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Entries in air (2)


Long Wave Synthesis

The Sonic Acts festival which starts next week is a very unique festival in the Netherlands which focuses not only on music and art, but also on science & society. One can expect lectures by theorists, but also installation art and various performances by artists focusing on the same theme. This year, that theme is The Geological Imagination. “How much do we actually know about the ground beneath our feet?”. The constantly increasing influence of the human race on the world. Climate, nature, night… Everything.
(footage from the preparations of Long Wave Synthesis)
This year, one of the most promising works is Raviv Ganchrow’s Long Wave Synthesis. A huge land-art scale sound art installation that investigates infrasound, and probes the relations between how we perceive the landscape and long-wave vibrations. 
(footage from an earlier version)
Infrasound is the range of frequencies below the actual hearing threshold. Like all sound waves, infrasound is vibrating air, the only difference is that this sound is just very low frequency. Ganchrow’s work focuses on the experience that we might not be able to hear the actual slow vibrations of air, but the “pressure wave”, and objects in the field which might vibrate with that low frequency. Just below the threshold of hearing.

According to Ganchrow, infrasound is what connects the skies, oceans and earth. “Micro-movements in the earth crust can translate and arrive at mountain ranges. These move a nanometer backwards and forwards. That movement translates to a movement of air, that air produces a tone.” It’s a tone below the threshold of hearing, but still there’s a sensation of it, as it can shape the clouds coming over that mountain range, for example. You can view an interview with Raviv explaining infrasound here:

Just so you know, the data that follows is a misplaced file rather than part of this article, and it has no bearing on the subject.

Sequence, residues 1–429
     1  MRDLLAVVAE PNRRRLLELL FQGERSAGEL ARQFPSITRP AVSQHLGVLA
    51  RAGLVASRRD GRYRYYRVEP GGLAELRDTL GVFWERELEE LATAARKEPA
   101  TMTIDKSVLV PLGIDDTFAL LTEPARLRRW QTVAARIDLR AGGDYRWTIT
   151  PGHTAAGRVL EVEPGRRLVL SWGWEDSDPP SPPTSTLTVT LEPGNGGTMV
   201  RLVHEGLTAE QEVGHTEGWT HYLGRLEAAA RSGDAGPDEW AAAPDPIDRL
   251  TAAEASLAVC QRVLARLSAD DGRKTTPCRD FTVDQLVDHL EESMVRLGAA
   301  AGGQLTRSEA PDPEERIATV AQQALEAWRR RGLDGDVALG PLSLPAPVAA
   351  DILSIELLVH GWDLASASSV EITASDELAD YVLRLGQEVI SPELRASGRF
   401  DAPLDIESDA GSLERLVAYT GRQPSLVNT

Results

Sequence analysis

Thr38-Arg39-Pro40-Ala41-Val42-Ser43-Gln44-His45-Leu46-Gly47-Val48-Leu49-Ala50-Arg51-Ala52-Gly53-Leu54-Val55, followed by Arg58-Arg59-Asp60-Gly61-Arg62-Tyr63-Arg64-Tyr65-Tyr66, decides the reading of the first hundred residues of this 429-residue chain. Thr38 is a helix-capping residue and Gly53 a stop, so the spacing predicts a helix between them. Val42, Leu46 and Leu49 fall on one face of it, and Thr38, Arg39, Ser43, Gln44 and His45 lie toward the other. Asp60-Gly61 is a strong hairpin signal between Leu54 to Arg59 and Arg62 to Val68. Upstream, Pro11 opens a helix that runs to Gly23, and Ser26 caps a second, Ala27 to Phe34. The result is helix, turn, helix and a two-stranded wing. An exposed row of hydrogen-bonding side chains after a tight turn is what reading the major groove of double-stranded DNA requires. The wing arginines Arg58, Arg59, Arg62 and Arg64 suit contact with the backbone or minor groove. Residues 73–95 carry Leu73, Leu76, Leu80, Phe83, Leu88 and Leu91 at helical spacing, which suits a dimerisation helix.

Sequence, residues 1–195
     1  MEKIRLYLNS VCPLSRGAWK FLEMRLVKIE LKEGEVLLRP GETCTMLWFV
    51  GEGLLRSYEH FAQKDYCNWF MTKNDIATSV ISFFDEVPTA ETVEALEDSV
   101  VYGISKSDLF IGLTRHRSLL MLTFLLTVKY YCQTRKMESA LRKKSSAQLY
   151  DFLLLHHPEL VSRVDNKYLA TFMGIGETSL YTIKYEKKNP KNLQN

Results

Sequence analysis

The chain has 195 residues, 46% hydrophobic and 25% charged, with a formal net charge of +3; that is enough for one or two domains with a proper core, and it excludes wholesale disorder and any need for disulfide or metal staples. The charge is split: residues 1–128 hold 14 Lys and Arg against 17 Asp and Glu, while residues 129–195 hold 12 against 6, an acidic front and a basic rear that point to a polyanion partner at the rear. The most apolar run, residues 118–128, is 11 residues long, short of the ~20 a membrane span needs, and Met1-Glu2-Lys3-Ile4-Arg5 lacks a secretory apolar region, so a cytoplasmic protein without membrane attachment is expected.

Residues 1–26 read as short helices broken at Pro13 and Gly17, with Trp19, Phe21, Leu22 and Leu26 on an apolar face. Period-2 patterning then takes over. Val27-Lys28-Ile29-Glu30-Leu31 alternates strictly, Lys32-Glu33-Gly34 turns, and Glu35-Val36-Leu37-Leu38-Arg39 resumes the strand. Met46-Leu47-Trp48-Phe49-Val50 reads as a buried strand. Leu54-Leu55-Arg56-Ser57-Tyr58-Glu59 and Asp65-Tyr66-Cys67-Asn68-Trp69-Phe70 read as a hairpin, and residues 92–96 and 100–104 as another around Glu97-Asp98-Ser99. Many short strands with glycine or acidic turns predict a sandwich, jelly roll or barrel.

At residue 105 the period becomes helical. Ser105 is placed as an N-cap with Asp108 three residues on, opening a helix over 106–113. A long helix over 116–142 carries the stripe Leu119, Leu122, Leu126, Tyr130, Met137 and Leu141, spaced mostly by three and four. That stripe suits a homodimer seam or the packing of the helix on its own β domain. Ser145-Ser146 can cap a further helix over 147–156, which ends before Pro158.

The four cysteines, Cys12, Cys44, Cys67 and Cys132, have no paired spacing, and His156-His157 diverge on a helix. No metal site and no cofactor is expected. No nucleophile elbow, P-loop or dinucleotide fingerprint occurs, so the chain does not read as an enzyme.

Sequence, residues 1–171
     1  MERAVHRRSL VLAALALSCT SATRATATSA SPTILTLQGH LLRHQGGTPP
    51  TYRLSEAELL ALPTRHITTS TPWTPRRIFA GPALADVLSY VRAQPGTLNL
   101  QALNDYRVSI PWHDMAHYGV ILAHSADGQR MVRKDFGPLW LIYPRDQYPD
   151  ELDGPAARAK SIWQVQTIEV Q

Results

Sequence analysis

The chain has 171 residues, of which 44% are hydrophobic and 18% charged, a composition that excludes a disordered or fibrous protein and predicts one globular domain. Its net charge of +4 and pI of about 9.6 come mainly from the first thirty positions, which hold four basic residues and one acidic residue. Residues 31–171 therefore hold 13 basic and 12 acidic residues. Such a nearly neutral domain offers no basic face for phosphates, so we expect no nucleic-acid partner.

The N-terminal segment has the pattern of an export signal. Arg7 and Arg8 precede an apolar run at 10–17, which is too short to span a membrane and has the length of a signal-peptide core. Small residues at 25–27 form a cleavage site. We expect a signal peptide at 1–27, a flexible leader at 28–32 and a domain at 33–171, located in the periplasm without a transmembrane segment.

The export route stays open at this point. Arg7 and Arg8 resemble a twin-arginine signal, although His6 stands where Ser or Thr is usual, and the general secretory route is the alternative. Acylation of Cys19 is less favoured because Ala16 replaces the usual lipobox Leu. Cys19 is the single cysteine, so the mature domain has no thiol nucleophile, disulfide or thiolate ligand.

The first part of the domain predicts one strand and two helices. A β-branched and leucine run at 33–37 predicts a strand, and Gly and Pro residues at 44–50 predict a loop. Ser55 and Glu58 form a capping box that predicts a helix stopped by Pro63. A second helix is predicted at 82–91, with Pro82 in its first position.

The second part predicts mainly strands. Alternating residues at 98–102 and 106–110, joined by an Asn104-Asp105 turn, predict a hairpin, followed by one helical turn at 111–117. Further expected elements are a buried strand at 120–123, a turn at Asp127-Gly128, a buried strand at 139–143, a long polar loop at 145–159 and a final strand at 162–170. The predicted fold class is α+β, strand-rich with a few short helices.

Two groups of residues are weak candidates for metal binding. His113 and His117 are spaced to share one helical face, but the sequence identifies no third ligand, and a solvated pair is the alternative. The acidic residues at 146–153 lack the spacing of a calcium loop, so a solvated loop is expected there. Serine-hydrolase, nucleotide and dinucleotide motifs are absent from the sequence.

Sonic Acts starts next Thursday evening the 26th of February, and ends on Sunday evening the 1st of March. The field trip to Long Wave Synthesis is on Sunday at 15.00 (more info).

If I should live in the past, I wouldn't need a memory.

Ronald van der Meijs is an Amsterdam-based Dutch artist, designing from architectural principles. In his autonomous work, architecture physical objects and sound come together.

I saw his work “If I Should Live in the Past, I Wouldn’t Need a Memory” last week at Arti in Amsterdam. Referencing to the unhealthy situation miners in charcoal mines work in, the installation consists of two giant lung-like structures, made out of bags that slowly inflate and deflate, creating a crackly sound. Next to the lungs hangs a birdcage, which refers to the miners who took a canary into the mines. If the situation was unsafe, and toxic gases spread through the mines, the bird would suffocate and the miners would know they’d need to get out as quickly as possible.

The structure reacts as you get close to it. If you stand in between the two lungs, the crackling sound of the lungs inflating is quite intense. Interesting work bringing together interaction, sound and sculpture.